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Oxford Studies in Experimental Philosophy Volume 3$
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Tania Lombrozo, Joshua Knobe, and Shaun Nichols

Print publication date: 2020

Print ISBN-13: 9780198852407

Published to Oxford Scholarship Online: May 2020

DOI: 10.1093/oso/9780198852407.001.0001

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PRINTED FROM OXFORD SCHOLARSHIP ONLINE (oxford.universitypressscholarship.com). (c) Copyright Oxford University Press, 2021. All Rights Reserved. An individual user may print out a PDF of a single chapter of a monograph in OSO for personal use. date: 24 July 2021

Intuitive Expertise and Irrelevant Options

Intuitive Expertise and Irrelevant Options

(p.275) 11 Intuitive Expertise and Irrelevant Options
Oxford Studies in Experimental Philosophy Volume 3

Joachim Horvath

Karina Meyer

Alex Wiegmann

Oxford University Press

In the ‘push-dilemma,’ a train is about to run over several people and can only be stopped by pushing a heavy person onto the tracks. Most lay people and moral philosophers consider the ‘push-option,’ i.e., pushing the heavy person, as morally wrong. Peter Unger (1992, 1996) suggested that adding irrelevant options to the push-dilemma would overturn this intuition. This chapter tests Unger’s claim in an experiment with both lay people and expert moral philosophers. This allowed an investigation of the ‘expertise defense,’ which various philosophers have suggested as an answer to ‘experimental restrictionists,’ who argue that experimental philosophy undermines the trustworthiness of intuitions about hypothetical cases. Overall, the chapter finds that adding irrelevant options increases the ratings for the push-option. Moreover, the intuitions of expert moral philosophers are no less susceptible to the presence of irrelevant options than lay people’s intuitions. The chapter discusses how these findings bear on the expertise defense.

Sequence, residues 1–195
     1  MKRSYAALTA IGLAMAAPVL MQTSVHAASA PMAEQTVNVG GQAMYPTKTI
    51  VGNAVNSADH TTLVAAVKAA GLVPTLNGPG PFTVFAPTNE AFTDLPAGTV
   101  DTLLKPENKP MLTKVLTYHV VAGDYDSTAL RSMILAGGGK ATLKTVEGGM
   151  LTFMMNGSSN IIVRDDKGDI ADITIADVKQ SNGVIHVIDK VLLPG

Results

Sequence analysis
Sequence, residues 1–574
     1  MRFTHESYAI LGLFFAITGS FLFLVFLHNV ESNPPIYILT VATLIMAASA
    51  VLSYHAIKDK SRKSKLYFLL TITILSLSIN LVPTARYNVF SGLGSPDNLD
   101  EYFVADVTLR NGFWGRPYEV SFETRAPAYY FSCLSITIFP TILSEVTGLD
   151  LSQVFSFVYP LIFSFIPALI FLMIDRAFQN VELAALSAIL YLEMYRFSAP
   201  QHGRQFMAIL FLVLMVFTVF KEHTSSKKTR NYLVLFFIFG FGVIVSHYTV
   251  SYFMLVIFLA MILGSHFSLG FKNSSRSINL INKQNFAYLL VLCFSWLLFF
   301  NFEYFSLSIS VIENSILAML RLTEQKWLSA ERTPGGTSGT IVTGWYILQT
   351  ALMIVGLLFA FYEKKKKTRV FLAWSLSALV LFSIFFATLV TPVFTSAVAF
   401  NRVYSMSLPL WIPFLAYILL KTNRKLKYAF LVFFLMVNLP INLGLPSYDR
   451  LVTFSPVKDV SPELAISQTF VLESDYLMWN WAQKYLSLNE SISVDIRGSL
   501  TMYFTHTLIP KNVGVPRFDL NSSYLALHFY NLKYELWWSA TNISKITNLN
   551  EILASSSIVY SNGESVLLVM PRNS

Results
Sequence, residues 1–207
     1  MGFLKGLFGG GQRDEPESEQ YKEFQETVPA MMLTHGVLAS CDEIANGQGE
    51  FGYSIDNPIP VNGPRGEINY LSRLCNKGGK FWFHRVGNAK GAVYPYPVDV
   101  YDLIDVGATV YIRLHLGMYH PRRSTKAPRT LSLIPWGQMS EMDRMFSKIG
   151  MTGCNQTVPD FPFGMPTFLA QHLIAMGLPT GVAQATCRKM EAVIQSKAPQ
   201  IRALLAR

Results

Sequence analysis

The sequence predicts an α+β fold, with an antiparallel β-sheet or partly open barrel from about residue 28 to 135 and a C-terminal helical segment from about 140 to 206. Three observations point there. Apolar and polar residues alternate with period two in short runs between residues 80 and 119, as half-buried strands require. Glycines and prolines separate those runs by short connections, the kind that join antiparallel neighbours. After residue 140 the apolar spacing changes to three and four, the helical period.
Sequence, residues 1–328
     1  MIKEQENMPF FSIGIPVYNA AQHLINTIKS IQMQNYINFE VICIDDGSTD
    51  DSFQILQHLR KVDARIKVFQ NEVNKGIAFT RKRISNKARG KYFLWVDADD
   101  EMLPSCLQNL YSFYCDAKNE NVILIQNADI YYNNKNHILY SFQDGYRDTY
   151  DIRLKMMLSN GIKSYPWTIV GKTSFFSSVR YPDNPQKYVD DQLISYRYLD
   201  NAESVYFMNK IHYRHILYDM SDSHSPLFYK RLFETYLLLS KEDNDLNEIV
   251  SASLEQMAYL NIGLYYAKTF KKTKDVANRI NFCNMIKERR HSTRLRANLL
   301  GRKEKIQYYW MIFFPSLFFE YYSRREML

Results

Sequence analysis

Keywords:   moral judgment, moral intuitions, Peter Unger, trolley dilemmas, push dilemma, experimental philosophy, expertise defense, irrelevant options, order effects

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